6. Daniels, S., & Duff, S. (2015, June). The effect of newspaper soft-core pornography on attitudes towards women and rape. Division of Forensic Psychology annual conference. Manchester Metropolitan University, Manchester, UK.Google Scholar
  7. Daniels, S., & Duff, S. (2017, June). The effects of short-term exposure to soft-core pornography on males’ attitudes towards sexual aggression and rape proclivity. Division of Forensic Psychology annual conference, Bristol, UK.Google Scholar
  8. De Jong, A., Ten Broeke, E., & Renssen, M. R. (1999). Treatment of specific phobias with Eye Movement Desensitization and Reprocessing (EMDR): Protocol, empirical status and conceptual issues. Journal of Anxiety Disorders, 13, 69–85.CrossRefGoogle Scholar
  9. Dennis, J. A., Khan, O., Ferriter, M., Huband, N., Powney, M. J., & Duggan, C. (2012). Psychological interventions for adults who have sexually offended or are at risk of offending. Cochrane Database of Systematic Reviews, 12. Art. No.:CD007507.Google Scholar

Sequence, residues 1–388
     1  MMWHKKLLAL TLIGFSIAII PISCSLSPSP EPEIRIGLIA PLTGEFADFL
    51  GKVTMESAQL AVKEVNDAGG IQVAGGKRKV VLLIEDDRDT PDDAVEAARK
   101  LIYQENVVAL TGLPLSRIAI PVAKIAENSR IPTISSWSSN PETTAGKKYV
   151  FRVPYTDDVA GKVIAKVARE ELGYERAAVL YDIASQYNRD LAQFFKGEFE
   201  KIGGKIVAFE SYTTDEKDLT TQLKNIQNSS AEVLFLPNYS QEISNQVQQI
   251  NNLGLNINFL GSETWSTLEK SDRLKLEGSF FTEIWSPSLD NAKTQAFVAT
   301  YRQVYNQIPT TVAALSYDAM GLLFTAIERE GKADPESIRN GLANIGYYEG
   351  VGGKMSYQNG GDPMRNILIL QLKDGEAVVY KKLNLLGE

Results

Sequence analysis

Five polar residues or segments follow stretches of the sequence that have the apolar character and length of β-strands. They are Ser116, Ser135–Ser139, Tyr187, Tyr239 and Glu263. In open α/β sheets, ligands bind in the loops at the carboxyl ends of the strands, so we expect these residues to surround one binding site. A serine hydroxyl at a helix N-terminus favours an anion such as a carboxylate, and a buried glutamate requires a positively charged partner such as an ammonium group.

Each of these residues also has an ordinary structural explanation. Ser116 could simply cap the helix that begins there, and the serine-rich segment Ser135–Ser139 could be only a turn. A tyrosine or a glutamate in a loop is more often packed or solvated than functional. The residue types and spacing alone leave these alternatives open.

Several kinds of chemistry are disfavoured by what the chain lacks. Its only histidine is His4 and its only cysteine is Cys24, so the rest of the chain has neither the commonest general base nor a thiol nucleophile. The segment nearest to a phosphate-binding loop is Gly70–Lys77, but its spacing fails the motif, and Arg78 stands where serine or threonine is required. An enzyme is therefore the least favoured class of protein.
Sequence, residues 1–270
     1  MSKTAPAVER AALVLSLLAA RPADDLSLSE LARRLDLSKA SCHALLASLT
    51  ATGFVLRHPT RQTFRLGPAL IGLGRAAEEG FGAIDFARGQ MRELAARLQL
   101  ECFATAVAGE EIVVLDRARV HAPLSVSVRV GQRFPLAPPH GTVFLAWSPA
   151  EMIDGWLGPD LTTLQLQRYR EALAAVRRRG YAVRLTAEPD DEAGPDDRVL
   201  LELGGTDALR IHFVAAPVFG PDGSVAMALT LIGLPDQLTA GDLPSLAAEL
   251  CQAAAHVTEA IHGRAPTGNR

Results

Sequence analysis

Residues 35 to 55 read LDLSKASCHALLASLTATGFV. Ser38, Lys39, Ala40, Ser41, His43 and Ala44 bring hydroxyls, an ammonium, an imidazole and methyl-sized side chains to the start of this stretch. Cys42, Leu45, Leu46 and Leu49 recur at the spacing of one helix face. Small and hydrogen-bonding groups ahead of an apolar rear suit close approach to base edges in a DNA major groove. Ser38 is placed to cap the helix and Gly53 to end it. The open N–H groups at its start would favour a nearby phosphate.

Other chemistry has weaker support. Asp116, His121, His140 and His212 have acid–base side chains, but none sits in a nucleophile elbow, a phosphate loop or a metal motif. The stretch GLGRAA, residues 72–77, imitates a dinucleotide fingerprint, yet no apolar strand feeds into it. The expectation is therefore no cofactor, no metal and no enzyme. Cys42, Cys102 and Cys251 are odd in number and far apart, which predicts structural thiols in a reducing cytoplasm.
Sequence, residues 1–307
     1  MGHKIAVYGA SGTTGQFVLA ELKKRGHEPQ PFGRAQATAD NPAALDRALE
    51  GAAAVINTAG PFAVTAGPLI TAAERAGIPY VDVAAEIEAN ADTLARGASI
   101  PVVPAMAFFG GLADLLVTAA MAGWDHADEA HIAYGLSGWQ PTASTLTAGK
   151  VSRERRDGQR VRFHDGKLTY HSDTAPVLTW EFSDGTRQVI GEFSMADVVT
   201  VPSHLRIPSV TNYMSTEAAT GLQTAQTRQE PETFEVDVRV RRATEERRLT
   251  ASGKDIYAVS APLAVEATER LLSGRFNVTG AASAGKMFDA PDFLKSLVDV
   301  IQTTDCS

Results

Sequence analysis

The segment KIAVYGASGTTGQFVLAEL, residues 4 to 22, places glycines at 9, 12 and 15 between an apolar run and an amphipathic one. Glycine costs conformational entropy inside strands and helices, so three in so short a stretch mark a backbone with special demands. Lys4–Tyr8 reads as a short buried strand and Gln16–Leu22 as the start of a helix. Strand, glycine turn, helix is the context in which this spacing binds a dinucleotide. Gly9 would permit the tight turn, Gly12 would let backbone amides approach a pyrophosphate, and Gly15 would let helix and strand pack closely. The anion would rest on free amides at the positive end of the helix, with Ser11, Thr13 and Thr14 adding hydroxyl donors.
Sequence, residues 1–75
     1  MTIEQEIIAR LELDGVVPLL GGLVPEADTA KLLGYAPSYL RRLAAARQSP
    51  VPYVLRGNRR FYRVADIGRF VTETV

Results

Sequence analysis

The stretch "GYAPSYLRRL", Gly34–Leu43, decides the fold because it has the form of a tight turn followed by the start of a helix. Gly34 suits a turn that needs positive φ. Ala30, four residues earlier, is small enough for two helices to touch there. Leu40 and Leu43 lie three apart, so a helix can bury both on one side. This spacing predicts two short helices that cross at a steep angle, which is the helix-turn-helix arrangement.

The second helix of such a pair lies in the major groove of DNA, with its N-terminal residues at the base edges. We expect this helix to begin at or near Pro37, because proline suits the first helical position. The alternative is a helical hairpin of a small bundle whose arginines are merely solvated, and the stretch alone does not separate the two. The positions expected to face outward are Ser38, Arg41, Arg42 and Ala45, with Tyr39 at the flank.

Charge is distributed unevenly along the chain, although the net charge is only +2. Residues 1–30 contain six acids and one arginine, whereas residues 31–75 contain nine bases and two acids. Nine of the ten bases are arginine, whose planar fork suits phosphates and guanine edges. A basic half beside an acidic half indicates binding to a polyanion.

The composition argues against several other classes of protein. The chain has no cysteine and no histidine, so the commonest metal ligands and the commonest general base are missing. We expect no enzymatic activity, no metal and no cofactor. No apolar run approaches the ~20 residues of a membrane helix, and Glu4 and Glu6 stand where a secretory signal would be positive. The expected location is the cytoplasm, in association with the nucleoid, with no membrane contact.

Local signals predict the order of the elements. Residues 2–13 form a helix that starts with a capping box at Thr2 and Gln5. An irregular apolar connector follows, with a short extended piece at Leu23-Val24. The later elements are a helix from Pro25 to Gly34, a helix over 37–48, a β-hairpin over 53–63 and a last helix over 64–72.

10. Duff, S., Perry, L., Wright, L., & Jackson, P. (2014, June). Working with difficult clients. Symposium, Division of Forensic Psychology annual conference. Glasgow Caledonian University, Glasgow, UK.Google Scholar
  11. Duff, S., Perry, L., Wright, L., & Wakefield, N. (2015, June). Trauma: Not just for the victims. Division of Forensic Psychology annual conference, Manchester Metropolitan University, Manchester, UK.Google Scholar
  12. Duff, S., Wakefield, N., Croft, A., Perry, L., Valavanis, S., & Wright, L. (2017). A service for non-offending partners of male sexual offenders. Journal of Forensic Practice, 19(4), 288–295.CrossRefGoogle Scholar
  13. Duff, S., & Willis, A. (2006). At the precipice: Assessing a non-offending client’s potential to sexually offend. Journal of Sexual Aggression, 12(1), 43–51.CrossRefGoogle Scholar
  14. Finkelhor, D. (1984). Child sexual abuse: New theory and research. New York: The Free Press.Google Scholar
  15. Friendship, C., Mann, R. E., & Beech, A. R. (2003). Evaluation of a national prison-based treatment program for sexual offenders in England and Wales. Journal of Interpersonal Violence, 18(7), 744–759.CrossRefPubMedGoogle Scholar
  16. Gauvreau, P., & Bouchard, S. (2008). Preliminary evidence for the efficacy of EMDR in treating generalized anxiety disorder. Journal of EMDR Practice and Research, 2, 26–40.CrossRefGoogle Scholar